Are hospitals getting any safer?
Just over ten years ago a report by the Institute of Medicine, a branch of the National Academy of Sciences, more or less launched the patient safety movement with its estimate that medical error was responsible for something like 50-100,000 deaths annually. That’s a chilling statistic. It’s also one that has been disputed as overblown. But overblown or not, since then all hospitals have made intensive efforts to make them safer places for patients, using things like checklists, time-outs before procedures, and many other simple but crucial things to make sure we are doing the right thing to the right patient. So how are we doing? Are hospitals any safer than they were a decade ago?
Dr. Bob Wachter, one of the gurus of the patient safety movement, recently assessed where we are. His answer is no worse at least, probably a bit better, but not dramatically better. You can read his very informed opinion about it here, on the Health Care Blog. His essay is in response to a sobering study that suggested we haven’t made much meaningful progress in the patient safety field. Bob agrees that it’s disappointing we haven’t managed to make things better more quickly. Overall, though he thinks that we’ve turned the corner on patient safety and are at least steadily moving in the right direction. The fundamental problem is that, well, safety is hard.
A lot of this research is with adult patients, not children. My own opinion is that the PICU is, in fact, a safer place than it was a decade ago. Where I wrk, we are using checklists for common PICU procedures, such as placement of central venous catheters. We are methodical and stringent about looking for signs of skin sores in bedridden PICU patients. Our physician order entry is now all computerized, and the computer regularly picks up problematic orders, things like potentially unsafe drug interactions duplicate orders. Once I got used to it (which took a while) I found that I much prefer physician computer order entry to the old way — writing orders out on paper.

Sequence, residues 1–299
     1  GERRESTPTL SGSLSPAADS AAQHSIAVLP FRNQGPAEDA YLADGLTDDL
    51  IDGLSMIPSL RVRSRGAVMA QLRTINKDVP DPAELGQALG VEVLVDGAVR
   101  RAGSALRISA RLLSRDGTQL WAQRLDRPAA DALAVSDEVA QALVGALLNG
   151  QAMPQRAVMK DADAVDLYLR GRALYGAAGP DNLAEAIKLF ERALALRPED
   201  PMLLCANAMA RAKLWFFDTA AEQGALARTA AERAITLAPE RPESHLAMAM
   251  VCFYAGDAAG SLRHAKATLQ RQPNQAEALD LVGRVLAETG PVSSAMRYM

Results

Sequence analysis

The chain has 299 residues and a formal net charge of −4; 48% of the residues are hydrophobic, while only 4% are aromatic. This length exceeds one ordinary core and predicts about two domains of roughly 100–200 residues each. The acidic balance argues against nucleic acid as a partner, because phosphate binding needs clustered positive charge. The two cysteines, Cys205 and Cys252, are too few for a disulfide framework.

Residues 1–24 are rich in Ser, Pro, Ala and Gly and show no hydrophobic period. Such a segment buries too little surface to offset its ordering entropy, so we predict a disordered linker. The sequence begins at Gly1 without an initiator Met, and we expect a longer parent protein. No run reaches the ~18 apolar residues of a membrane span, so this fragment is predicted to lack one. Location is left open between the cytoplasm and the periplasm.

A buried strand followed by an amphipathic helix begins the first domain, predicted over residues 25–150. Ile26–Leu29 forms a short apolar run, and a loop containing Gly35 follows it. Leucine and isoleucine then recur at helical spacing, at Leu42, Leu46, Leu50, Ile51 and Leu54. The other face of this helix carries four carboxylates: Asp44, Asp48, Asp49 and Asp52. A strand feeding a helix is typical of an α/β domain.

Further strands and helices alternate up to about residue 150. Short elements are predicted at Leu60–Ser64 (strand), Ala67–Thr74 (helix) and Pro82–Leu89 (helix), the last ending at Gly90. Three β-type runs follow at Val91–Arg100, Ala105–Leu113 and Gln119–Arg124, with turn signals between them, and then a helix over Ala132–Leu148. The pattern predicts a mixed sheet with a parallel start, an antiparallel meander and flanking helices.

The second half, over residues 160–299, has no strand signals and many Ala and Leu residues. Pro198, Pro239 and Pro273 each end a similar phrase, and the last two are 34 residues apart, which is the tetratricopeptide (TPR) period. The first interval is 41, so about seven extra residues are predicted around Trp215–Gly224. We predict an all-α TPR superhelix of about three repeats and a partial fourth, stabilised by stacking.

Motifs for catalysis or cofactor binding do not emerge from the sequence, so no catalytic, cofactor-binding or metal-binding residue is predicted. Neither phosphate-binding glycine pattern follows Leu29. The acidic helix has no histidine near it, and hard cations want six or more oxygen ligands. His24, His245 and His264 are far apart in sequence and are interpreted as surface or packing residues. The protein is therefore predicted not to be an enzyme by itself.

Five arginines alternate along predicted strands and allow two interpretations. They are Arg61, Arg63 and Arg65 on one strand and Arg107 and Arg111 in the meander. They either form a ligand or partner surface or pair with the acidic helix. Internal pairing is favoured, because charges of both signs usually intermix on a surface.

So I’m with Bob; I think hospitals are safer places than they were 10 years ago. We still have a long way to go. The most important thing the patient safety movement has taught us is to take a systems approach to error prevention. Because, as the Institute of Medicine titled their landmark study: “To err is human.” Bob summarizes it this way:
But we’re coming to understand that to make a real, enduring difference in safety, we have to transform the culture of our healthcare world – to get providers to develop new ways of talking to each other and new instincts when they spot errors and unsafe conditions. They, and healthcare leaders, need to instinctively think “system” when they see an adverse event, and embrace openness over secrecy, even when that’s hard to do.